Once your travel is booked, you can give your team, collaborators, suppliers, and/or need-to-know customers an advanced heads up for your time away. This will also allow you to book your important meetings or initiatives around your vacation.
Pro tip: Don’t schedule important events, campaigns, or launches the week prior to or following your vacation. This way, you can avoid last-minute issues, mistakes, or problems before you leave.
Stay on Schedule
Make sure you’ve reviewed all scheduled content for social media, blog posts, and email marketing that will publish while you’re OOO. Get those pieces on the calendar, and make sure you have a reliable system in place to ensure the content is published on time, even when you’re out.
Don’t promise things you can’t deliver before—or during—your vacation. If a client is expecting something from you, do your best to ensure your team gets the deliverable to the client before your vacation, or that a plan is in place to move it off your company plate before you return. This way, an out of office doesn’t impede a project from moving forward.
Have a Back-Up
To ensure things run as smoothly as possible while you’re away, enlist the support of a back-up. If you have a team, delegate as much as possible in the lead up of your vacation. Task someone with the duty of being your second-in-command, and set up a pre-vacation and post-vacation check-in with them to ensure you don’t miss anything important. Running solo? Consider hiring a virtual assistant to manage your inbox, social media accounts, and phone calls in your absence. Give your second-in-command or an assistant your reliable phone number so, in the event of an emergency, you can be easily reached.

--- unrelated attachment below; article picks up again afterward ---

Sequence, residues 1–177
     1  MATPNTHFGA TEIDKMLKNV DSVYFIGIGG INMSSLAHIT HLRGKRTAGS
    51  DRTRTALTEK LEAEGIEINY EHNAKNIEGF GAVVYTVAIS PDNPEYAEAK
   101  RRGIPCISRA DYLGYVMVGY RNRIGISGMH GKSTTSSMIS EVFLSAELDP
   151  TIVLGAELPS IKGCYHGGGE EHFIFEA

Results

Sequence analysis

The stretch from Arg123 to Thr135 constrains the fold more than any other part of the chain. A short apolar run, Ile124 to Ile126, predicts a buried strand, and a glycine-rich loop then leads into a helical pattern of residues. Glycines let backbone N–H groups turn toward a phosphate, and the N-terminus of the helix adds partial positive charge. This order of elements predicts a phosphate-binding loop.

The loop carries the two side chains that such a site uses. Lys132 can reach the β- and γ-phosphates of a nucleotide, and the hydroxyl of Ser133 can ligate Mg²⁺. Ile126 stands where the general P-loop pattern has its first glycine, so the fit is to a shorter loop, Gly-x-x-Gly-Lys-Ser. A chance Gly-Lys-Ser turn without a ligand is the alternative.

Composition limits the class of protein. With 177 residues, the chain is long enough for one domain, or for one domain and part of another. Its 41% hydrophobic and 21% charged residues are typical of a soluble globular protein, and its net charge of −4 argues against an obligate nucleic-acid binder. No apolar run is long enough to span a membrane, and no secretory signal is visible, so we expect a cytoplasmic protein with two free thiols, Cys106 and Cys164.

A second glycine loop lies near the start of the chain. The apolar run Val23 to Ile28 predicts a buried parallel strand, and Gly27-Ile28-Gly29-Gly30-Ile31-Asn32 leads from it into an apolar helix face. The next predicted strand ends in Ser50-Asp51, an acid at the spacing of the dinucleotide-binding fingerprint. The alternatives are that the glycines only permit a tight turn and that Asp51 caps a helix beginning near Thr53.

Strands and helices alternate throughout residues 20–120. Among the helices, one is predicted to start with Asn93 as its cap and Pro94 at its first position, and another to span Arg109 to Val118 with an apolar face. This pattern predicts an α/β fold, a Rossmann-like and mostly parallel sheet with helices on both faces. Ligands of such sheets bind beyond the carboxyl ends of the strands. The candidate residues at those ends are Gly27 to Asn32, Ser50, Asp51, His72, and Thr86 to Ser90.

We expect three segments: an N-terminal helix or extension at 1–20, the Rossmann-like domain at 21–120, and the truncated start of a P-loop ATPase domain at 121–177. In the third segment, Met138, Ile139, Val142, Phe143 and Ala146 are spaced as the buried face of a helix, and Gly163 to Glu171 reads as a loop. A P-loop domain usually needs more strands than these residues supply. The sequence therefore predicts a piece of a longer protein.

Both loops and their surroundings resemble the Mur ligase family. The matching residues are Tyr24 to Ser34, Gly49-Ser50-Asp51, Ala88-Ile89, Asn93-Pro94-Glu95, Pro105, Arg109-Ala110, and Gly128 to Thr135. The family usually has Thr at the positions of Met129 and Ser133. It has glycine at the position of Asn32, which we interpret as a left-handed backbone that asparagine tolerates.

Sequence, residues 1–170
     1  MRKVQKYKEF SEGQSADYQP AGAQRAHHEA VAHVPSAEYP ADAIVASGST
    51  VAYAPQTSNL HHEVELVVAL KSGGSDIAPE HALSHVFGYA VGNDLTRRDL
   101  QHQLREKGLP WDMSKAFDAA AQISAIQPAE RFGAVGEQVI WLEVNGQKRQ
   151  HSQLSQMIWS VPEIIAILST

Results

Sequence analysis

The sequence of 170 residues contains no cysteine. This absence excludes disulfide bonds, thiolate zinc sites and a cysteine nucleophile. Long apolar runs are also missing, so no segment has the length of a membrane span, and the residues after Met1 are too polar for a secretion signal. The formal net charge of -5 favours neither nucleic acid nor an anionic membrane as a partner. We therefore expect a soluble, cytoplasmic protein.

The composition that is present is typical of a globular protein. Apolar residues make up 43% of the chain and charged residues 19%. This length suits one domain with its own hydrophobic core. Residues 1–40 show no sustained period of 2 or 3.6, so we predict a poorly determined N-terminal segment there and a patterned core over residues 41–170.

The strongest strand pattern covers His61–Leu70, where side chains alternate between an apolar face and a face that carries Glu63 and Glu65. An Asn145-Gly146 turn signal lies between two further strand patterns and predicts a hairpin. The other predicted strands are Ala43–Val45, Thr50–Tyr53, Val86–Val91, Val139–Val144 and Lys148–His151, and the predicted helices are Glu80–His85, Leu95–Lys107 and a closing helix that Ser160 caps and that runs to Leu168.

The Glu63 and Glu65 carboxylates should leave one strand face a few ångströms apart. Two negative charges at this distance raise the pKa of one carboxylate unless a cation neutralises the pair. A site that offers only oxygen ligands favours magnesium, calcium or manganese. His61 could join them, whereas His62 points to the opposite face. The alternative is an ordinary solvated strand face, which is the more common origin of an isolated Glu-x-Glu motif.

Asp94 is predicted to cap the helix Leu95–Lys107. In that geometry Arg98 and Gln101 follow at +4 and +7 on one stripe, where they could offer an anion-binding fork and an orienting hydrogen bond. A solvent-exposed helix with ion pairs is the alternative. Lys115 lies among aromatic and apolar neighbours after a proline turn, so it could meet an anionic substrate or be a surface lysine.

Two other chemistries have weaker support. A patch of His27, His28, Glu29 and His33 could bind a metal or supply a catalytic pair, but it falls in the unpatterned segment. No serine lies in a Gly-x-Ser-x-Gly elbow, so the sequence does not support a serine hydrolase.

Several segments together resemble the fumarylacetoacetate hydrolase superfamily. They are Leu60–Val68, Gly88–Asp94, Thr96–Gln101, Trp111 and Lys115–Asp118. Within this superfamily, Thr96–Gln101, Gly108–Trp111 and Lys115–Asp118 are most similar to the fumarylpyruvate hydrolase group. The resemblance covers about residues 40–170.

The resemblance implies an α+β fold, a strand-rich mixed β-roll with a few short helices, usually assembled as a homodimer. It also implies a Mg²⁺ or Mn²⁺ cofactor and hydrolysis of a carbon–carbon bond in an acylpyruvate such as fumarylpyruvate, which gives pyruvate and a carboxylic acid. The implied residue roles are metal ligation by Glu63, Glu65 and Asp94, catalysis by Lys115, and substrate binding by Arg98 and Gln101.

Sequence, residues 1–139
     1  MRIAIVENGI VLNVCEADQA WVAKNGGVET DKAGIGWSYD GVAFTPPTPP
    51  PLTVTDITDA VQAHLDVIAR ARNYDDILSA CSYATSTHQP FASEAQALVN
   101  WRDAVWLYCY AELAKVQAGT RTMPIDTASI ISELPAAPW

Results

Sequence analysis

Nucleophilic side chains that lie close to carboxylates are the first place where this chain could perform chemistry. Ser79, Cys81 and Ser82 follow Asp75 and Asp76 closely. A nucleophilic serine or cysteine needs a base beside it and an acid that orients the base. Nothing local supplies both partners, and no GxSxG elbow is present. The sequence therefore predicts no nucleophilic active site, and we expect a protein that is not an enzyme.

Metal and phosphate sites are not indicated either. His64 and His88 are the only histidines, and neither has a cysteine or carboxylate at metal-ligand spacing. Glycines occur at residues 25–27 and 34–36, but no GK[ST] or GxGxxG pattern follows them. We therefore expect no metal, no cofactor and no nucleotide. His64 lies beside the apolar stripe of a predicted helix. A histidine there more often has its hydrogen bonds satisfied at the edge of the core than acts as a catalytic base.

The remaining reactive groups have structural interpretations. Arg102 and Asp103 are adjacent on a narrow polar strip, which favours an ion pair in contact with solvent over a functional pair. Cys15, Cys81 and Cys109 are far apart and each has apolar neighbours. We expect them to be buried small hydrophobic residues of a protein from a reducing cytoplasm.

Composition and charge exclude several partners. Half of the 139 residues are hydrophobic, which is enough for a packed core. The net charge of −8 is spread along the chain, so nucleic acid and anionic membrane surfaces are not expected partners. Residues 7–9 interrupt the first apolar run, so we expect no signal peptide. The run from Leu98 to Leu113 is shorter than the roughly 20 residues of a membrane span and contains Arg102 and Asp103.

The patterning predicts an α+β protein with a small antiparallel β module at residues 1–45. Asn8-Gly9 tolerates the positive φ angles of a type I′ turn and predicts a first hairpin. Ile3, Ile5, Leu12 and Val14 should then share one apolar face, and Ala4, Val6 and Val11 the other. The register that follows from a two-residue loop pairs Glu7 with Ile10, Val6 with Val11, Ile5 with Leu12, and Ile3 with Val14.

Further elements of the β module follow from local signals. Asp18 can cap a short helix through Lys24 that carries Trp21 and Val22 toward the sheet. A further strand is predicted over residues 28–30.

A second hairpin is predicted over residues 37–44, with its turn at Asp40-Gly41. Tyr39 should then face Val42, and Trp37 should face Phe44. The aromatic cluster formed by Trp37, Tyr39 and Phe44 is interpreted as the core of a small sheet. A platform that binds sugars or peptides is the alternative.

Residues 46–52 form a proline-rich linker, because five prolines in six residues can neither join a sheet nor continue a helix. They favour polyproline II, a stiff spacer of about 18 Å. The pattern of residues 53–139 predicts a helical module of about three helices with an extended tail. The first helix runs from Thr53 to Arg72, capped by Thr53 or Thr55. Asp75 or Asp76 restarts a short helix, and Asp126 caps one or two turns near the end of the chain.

Define “Urgent” and “Emergency”
A smart way to avoid unnecessary interruptions while away is to clearly define what constitutes an urgent issue. Get ahead of any issues by anticipating them before they occur. Create a list of possible worst-case scenarios, and then outline clear instructions as to how your team, assistant, etc., should handle a particular problem. Without a plan like this in place, things can escalate quickly!
Make Another List
In addition to your Emergency List, be proactive and create a list of important dates, phone numbers, log-in credentials, customer FAQ, etc., so that your team can appropriately respond to and/or manage any non-urgent issues that come to them.
Set-Up Your OOO Auto-Reply
Yes, auto-replies can be a little annoying, but it’s even worse to be left hanging without any idea of when to expect a reply. Before you leave for your trip, make sure to provide a clear and easy-to-understand auto-response for your email.